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Storm Brings Heavy Snow, Flooding To Mass.

Waves crash against the seawall in Winthrop Friday morning. (Jesse Costa/WBUR)

Waves crash against the seawall in Winthrop Friday morning. (Jesse Costa/WBUR)

BOSTON — A slow-moving, worse-than-expected winter storm dropped up to 2 feet of snow on some parts of Massachusetts, after it caused coastal flooding and slowed the morning commute Friday to a slushy crawl.

Click to enlarge: National Weather Service snowfall forecast, as of 2:45 p.m. Friday.

Click to enlarge: National Weather Service snowfall forecast, as of 2:45 p.m. Friday.

The National Weather Service extended its winter storm warning until 7 p.m. Friday.

According to the weather service, snow totals of 1 to 2 feet were common across much of eastern and central Massachusetts. As of 3 p.m. Friday, Worcester Regional Airport had nearly 23 inches of snow. As of 1 p.m., Boston had nearly 13 inches of snow.

Massachusetts Emergency Management Agency spokesman Peter Judge said there were reports of flooding and beach erosion during Friday morning’s high tide. Coastal flooding reports came in from Scituate, south of Boston, and Revere and Winthrop, north of the city.

The storm claimed a home on Plum Island — no one was home at the time — and officials said they are monitoring a dozen others there that were seriously damaged.

“There is a fear that more of those homes will — at some point, if not through this storm, future events — those homes will be lost,” Judge said.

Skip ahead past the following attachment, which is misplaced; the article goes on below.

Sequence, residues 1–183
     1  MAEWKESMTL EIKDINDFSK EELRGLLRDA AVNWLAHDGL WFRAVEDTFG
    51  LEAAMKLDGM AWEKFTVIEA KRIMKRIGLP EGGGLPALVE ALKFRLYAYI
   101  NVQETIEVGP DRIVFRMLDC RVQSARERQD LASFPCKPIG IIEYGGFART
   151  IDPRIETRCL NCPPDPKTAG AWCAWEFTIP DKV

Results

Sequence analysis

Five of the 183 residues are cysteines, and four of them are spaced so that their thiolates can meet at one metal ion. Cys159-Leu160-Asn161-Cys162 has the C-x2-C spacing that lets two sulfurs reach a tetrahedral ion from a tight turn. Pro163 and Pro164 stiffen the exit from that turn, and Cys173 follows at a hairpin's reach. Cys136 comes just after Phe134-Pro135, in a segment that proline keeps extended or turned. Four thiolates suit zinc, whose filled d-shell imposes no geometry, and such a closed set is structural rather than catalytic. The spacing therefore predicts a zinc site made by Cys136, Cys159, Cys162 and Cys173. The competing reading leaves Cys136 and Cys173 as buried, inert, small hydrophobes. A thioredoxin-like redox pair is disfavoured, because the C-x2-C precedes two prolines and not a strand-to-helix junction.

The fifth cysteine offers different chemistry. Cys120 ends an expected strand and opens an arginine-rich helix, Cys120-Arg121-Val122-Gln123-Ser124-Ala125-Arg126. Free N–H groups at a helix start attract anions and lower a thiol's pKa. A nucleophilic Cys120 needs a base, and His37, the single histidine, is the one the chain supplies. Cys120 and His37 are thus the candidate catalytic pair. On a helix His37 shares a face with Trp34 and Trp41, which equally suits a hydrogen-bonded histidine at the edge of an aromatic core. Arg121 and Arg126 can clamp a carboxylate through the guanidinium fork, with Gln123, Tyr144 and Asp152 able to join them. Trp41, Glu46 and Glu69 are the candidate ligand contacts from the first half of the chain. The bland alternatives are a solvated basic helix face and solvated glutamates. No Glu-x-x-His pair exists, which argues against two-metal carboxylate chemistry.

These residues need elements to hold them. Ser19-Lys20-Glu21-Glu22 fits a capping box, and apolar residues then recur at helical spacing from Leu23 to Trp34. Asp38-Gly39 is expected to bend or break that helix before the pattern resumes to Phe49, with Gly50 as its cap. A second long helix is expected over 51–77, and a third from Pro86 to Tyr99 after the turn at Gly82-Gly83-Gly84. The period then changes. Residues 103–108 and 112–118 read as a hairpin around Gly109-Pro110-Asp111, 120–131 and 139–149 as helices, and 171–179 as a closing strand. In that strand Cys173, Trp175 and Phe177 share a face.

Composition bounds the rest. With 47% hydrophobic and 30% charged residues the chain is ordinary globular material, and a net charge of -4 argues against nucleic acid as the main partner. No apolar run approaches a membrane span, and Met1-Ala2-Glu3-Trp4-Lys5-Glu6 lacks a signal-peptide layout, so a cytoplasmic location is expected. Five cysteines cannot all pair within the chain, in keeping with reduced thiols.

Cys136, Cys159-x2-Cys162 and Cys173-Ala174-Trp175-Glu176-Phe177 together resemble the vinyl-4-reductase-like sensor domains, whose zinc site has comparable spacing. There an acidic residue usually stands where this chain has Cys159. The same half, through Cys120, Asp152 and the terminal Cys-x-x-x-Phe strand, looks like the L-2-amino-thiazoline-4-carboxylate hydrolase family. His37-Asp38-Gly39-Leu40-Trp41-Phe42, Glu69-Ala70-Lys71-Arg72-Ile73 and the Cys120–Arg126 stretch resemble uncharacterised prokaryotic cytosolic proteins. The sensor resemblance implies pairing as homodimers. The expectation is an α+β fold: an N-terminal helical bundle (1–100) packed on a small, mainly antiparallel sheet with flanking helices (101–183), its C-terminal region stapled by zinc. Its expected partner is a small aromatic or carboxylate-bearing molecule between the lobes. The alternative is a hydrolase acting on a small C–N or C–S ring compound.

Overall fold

Judge said flooding will remain a concern through Friday, with a coastal flood warning in effect until 9 p.m.

The major utilities in eastern Massachusetts reported about 5,000 outages combined, mostly south of Boston, as of 5 p.m. Friday. (Outage maps: NStar, National Grid)

A fleet of snow plows barrels down Interstate-95 North in Georgetown Friday afternoon. (Jesse Costa/WBUR)

Snow plows barrel down Interstate-95 North in Georgetown Friday afternoon. (Jesse Costa/WBUR)

The morning commute became a slushy crawl on most major highways, complicated by spinouts. The speed limit on the Mass Pike was lowered to 40 miles per hour Friday morning.

Gov. Deval Patrick defended the work of road crews, saying they did the best they could to keep up with the snow. He urged motorists to drive cautiously throughout Friday.

“Be patient, take it slow on the roads,” he said. “[Friday] morning one of the biggest issues was spinouts, people going a little faster than the conditions warrant, and that slows everything down.”

State transportation officials said they had 2,800 pieces of equipment treating roads Friday.

Hundreds of flights were canceled at Logan International Airport, and the MBTA had scattered delays.

Many school districts canceled classes Friday. Patrick would not comment on whether the school districts that opened on time Friday morning, like Boston, made the right decision.

Boston Public Schools spokesperson Lee McGuire said despite criticism, the School Department and Boston’s Public Works Department felt they could have all the schools open and ready for students.

Later in the day, however, Boston school officials said all students who stayed home would have their absences excused. And the school system canceled all afternoon athletic and extracurricular activities.

With reporting by The Associated Press and the WBUR Newsroom

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